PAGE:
Although green monkeys prefer specific environmental conditions, they easily adapt to a wide range of habitats. In Africa, green monkeys live south of the Sahara Desert in forests that border woody grasslands. These areas are normally characterized by low, bushy foliage and tall grasses. Green monkeys live near the edges of these transitional forests and can be found crossing savannas between forest edges. They avoid the interior of dense, wet forests. Green monkeys also have colonized coastal regions of West Africa, although this is a deviation from habitat norms. Recent habitat destruction and deforestation are thought to have contributed to these recent migrations. In the Caribbean, green monkeys occupy a variety of habitats including mangrove swamps, agricultural sectors, and highly populated urban settings. (Cawthorn Lang, 2001; Dunbar, 1974; Wolfheim, 1983; Zinner, et al., 2009)
These medium-sized monkeys are covered in thick golden fur with a green tint, which is how they get their common name, green monkeys. The face is hairless, but is covered with dark blue skin outlined by a soft line of white fur. Like other monkeys, they have long, slender, semi-prehensile tails. Males and females are sexually dimorphic. Males can weigh between 4 and 8 kg and measure an average of 500 mm in length. Adult females normally weigh between 3.5 and 5 kg and measure approximately 450 mm in length.
Males have blue scrotal regions and distinctly red penises. The combination of colors is said to present a distinctive “red, white, and blue” display.
Green monkey locomotion varies little, regardless of habitat or substrate. In almost all circumstances, they travel quadrupedally on the ground or in tree canopies. Being relatively light, green monkeys are able to nimbly travel on the tops of branches using all four limbs. (Cawthorn Lang, 2001; Skinner and Smithers, 1990; Young, 1998)
Green monkey social structure revolves around alpha males. These males control interactions and contact of males and females. The alpha male dictates which males mate with females in this polygynous mating system and dominate most of the matings. (Cawthorn Lang, 2001)
Green monkeys are seasonal breeders, breeding between April and June. In the area typically inhabited by green monkeys, these months are characterized by heavy rainfall. Abundant rainfall results in an exponential increase in available food and nutritional resources. It is thought that this particular breeding season is an adaptation to take advantage of abundant resources. Green monkeys breed approximately once a year. The time interval between each breeding attempt depends on the success or failure of the previous pregnancy. Females reach sexual maturity in 2 years and males in 5 years. Infant mortality is high, resulting in a loss of about 57% of all newborns. (Cawthorn Lang, 2001; Cheney, et al., 1988; Fairbanks and McGuire, 1985; Young, 1998)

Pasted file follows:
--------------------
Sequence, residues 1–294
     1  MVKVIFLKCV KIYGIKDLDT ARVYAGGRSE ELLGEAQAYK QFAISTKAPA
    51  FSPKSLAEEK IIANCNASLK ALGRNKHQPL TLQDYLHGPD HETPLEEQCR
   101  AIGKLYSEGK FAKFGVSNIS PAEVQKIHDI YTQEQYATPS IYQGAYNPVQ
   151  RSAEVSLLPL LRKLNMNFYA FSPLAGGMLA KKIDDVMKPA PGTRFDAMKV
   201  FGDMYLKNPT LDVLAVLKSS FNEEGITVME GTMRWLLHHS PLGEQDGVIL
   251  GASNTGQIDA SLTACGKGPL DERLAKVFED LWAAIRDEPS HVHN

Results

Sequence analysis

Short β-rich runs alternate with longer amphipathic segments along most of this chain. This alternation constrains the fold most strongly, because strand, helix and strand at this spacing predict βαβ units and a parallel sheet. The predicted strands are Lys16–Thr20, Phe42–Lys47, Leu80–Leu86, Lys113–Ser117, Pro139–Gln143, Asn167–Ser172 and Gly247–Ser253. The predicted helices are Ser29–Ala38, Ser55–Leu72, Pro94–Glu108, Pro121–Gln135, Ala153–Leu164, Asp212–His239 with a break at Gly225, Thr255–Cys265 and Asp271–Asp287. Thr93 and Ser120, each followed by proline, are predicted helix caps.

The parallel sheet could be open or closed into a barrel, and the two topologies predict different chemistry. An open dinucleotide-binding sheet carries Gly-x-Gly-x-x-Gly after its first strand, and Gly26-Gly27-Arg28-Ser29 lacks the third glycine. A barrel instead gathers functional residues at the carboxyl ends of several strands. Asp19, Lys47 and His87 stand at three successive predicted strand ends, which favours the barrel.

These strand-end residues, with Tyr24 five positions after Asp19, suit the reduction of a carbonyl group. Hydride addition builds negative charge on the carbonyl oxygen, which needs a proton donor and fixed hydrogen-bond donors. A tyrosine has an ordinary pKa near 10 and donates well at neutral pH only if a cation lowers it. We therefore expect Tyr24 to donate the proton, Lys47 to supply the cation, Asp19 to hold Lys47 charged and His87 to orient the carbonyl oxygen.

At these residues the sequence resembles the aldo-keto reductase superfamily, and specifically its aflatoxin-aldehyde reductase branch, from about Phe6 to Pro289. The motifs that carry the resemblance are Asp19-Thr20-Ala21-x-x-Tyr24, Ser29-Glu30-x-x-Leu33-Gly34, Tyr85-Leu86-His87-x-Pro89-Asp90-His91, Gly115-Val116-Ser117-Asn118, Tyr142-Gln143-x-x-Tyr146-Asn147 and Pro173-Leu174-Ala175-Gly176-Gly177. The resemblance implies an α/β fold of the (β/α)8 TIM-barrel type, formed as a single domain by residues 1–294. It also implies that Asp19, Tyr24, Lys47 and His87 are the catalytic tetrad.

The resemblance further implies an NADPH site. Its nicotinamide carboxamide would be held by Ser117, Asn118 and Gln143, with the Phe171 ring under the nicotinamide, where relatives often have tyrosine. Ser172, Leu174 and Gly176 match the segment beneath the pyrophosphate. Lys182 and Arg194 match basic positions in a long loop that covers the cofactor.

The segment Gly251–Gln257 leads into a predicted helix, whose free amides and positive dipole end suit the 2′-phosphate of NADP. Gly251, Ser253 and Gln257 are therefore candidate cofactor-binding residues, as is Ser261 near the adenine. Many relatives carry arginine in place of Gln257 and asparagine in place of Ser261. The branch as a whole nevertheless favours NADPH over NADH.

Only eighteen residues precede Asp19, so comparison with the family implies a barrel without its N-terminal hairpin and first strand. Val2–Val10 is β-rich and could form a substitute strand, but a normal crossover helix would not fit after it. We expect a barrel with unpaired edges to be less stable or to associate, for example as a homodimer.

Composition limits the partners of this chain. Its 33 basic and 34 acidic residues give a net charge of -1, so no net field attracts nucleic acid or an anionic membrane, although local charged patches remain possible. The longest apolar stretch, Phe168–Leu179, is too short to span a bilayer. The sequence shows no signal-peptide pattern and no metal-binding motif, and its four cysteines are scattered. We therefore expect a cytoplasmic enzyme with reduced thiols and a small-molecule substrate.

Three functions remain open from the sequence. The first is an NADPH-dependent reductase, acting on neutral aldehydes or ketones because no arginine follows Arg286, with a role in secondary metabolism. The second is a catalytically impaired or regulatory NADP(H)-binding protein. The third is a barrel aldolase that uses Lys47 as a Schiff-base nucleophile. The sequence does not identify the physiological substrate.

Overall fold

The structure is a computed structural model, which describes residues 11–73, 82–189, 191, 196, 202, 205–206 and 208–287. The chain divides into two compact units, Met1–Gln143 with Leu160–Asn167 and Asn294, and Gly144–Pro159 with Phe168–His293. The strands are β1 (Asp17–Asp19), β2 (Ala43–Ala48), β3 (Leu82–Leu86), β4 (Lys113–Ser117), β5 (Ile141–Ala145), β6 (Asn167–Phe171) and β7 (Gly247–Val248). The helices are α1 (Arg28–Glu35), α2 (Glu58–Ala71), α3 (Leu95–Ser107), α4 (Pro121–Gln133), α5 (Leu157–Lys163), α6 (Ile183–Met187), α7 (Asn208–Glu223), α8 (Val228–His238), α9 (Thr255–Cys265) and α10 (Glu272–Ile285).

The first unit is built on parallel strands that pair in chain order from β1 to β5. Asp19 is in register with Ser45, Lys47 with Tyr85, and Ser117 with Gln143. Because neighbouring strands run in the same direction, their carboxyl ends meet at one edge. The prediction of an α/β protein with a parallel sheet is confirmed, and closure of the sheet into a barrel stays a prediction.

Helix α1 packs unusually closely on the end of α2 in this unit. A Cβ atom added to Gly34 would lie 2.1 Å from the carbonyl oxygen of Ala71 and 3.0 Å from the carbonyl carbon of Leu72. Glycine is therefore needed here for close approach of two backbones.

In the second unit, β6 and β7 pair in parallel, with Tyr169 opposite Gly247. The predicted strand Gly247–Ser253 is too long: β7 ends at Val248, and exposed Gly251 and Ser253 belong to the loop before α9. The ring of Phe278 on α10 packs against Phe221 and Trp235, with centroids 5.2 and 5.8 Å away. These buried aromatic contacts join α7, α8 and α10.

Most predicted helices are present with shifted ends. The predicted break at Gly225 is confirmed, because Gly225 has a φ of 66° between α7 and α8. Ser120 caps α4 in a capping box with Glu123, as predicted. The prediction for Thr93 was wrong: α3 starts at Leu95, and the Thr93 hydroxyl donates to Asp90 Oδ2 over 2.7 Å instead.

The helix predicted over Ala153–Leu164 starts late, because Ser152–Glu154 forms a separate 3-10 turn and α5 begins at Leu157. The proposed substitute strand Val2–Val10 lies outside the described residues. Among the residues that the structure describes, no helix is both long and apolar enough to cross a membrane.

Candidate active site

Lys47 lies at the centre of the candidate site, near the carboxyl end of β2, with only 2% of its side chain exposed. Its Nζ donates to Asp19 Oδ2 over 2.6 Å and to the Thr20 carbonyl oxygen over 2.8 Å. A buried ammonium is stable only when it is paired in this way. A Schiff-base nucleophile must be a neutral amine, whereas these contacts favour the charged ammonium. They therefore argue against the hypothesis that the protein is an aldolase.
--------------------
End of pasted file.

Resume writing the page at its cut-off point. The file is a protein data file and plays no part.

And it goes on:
From birth, mothers are closely attached to their offspring. Mothers tend to their offspring for approximately 1 year until they are fully weaned and independent. (Cawthorn Lang, 2001; Cawthorn Lang, 2001)
The lifespan of green monkeys has not been well studied. Green monkeys are heavily preyed on and affected by a variety of diseases. In captive conditions the lifespan ranges from 11 to 13 years. This is assumed to be the upper limit for age of green monkeys in the wild. (Fairbanks and McGuire, 1985)
Green monkeys are highly social. Grooming behaviors and gender relationships suggest underlying social hierarchies. Total group number can vary greatly, from 7 to 80. Male and female green monkeys partake in inter-group emigration. After reaching sexual maturity, adults move from group to group with closely related family members. This helps to avoid predation, reduce inbreeding, and increase the spread of desired genes. Small overlaps of green monkey territory exist in many habitats. Alpha males establish dominance through physical fighting or scrotal displays. Dominance rank determines access to mates and resources. Green monkey alpha males limit the proximity of other males to females and defend their territory with physical aggression against alien males. Such encounters typically are limited by environmental conditions and resource availability. It is only when food or habitat becomes scarce that territorial encroachment occurs. (Cawthorn Lang, 2001; Cheney, et al., 1988)
The home range of green monkeys has been estimated at from 0.05 to 2 square kilometers. (Zinner, et al., 2009)